The Players try something different with the pastiche Red Hot Operetta.
By Kay Kipling
Apparently Players fans love their operettas (it’s said they frequently request them to be performed), and perhaps that’s true, no matter what adulterated form this brand of musical theater takes.
So Players artistic director Jeffery Kin tried something different with this show, which he wrote and conceived. It’s not any one operetta; instead, he’s stitched together bits and pieces from several Gilbert and Sullivan works, with nods to The Desert Song, The Student Prince and other well-known pieces by other composers as well. It’s not a revue, exactly, since he also tries to string together a plot line: The dreaded Pirates of Penzance, headed by the Pirate King (Randy Garmer, having a field day), abduct several female characters (Ruth, Buttercup and Josephine—sound familiar, G&S lovers?); and their menfolk (including the Captain, Sir Joseph and Ralph Rackstraw) spend the rest of the show trying to get them back, on an across-the-globe journey that takes them to many places including the Orient (after all, we have to get The Mikado in there, too).
It’s outlandish, although perhaps not much more outlandish than some of the plots of the “real” operettas the show is based on, if you think about it. There are advantages to this idea: First, the Players spend less money on rights and production values (it looks like they raided the theater’s closets for costumes from past productions); second, it does give several of the show’s best singers a chance to demonstrate what they can do on certain lovely and familiar melodies. (Although the visiting singers from Key Chorale, seated near the wings, are rather wasted here.)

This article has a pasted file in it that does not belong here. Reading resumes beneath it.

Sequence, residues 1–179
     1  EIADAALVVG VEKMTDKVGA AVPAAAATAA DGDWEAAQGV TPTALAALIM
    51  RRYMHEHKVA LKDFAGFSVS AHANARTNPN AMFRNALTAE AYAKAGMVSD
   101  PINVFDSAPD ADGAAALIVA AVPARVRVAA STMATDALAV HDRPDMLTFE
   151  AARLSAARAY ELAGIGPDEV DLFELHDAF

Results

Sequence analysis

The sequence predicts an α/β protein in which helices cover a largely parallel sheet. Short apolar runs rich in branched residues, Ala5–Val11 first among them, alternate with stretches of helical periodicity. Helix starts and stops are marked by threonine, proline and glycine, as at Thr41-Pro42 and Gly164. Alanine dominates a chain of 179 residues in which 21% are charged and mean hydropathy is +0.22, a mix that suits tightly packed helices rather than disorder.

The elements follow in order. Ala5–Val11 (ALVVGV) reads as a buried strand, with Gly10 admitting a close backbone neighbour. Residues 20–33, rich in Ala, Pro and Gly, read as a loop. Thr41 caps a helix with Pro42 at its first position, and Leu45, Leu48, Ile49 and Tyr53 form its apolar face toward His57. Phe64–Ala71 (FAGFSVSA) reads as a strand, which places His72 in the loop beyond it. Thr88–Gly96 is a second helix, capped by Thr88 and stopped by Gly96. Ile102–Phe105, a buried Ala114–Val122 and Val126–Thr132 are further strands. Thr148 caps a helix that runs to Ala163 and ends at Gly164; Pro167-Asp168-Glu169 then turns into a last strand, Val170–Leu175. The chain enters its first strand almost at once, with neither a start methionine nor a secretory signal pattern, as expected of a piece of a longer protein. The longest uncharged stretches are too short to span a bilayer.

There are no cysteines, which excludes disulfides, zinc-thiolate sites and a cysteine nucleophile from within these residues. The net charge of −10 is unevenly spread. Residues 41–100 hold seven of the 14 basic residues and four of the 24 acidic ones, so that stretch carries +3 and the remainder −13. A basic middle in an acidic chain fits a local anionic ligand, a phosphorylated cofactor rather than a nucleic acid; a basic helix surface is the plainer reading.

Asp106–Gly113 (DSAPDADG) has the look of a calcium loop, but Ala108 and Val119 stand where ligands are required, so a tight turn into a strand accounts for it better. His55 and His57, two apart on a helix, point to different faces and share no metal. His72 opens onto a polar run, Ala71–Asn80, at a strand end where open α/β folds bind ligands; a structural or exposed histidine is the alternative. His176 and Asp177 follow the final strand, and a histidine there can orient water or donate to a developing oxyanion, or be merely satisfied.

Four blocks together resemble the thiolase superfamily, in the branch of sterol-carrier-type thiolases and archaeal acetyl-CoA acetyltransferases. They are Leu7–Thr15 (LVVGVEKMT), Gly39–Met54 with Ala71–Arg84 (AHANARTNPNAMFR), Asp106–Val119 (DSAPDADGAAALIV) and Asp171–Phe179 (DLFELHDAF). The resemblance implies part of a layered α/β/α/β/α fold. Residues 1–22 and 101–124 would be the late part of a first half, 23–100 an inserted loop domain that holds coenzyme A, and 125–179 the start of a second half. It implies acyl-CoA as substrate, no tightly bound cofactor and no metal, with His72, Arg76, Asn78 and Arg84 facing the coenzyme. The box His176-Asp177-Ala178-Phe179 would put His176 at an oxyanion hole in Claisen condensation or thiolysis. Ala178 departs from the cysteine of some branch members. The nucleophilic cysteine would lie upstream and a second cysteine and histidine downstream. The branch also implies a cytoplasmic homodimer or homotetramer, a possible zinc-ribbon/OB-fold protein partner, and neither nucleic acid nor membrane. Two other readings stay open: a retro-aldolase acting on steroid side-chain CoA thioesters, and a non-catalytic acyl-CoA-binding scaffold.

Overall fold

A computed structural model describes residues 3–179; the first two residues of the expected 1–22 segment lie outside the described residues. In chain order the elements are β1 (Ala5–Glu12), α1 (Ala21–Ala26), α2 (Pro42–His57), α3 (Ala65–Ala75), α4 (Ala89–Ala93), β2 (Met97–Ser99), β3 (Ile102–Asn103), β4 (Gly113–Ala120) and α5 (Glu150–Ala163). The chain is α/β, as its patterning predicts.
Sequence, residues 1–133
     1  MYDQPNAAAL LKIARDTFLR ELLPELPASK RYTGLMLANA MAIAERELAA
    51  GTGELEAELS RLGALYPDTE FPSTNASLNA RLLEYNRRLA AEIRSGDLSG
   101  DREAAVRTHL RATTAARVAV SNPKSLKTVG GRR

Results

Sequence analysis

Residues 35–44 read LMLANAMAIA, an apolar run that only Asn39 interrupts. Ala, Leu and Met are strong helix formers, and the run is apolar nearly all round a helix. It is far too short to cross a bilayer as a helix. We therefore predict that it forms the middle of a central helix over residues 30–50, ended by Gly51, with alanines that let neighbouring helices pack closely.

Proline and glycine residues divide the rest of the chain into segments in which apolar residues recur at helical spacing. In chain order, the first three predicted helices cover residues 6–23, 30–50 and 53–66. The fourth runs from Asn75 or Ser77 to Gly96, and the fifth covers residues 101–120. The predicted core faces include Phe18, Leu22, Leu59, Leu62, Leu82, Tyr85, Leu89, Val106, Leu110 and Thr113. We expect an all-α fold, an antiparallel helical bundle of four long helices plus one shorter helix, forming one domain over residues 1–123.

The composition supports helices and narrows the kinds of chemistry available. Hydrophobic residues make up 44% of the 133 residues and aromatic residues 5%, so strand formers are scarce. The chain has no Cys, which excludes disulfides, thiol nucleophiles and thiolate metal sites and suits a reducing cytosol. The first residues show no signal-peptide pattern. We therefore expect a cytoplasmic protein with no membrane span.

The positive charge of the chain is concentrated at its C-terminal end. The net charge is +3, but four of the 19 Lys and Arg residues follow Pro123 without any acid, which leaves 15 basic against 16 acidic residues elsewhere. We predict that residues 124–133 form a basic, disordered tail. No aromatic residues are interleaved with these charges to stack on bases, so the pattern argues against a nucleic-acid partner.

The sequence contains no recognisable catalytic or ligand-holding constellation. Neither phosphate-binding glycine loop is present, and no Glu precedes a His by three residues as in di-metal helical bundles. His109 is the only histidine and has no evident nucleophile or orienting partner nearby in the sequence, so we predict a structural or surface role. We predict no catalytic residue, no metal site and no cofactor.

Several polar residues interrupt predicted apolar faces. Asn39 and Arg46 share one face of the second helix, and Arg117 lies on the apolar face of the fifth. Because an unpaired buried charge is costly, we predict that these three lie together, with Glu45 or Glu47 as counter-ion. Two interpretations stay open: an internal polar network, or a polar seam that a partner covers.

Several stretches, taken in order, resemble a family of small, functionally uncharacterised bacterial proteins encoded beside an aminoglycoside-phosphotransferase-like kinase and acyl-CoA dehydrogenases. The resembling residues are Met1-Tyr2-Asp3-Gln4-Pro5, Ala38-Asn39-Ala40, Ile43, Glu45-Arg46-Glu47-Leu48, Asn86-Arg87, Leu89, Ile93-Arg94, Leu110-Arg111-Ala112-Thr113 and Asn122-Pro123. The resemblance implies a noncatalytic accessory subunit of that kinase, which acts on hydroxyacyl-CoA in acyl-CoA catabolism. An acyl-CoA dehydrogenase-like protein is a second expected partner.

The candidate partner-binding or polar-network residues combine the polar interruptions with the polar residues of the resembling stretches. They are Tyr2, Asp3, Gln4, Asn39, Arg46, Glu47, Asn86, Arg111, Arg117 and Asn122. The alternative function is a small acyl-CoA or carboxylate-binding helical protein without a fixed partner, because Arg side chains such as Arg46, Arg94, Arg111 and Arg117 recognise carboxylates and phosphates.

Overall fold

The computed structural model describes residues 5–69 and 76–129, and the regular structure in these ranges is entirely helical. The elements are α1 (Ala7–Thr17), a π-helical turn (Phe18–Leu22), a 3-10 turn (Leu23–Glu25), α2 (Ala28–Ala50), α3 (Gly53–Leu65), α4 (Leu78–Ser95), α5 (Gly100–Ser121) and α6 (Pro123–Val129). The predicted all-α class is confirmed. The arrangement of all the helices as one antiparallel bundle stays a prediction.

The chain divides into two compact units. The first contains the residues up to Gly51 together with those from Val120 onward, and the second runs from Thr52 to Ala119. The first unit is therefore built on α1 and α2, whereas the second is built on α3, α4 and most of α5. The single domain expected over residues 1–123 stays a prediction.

There are also occasional clever bits of business, with winks and nods to the audience about the silliness of it all. Kin and director Jack Eddleman have assembled a good team here; musical director Joyce Valentine is a stalwart who goes above and beyond the call of duty, and the show is made more appealing throughout by the sprightly yet simple choreography of veteran Jimmy Hoskins.
Which is hardly to say that Red Hot Operetta is an undiluted pleasure. The cast works hard, and there are energetic and generously broad performances by Tanya Lewis, Susan Cole and Kaylene McCaw as the kidnapped ladies, among others.
But you wouldn’t feel as if you’d missed anything if you had to step out for an extended bathroom break. To be honest, you wouldn’t feel as if you’d missed anything if you skipped the show altogether. Red hot? I’m afraid it’s rather tepid.
Still, if you really have to have a helping of operettish music, and if you really love your Players Theatre, Red Hot Operetta continues through Nov. 8. Call 365-2494 or go to theplayers.org.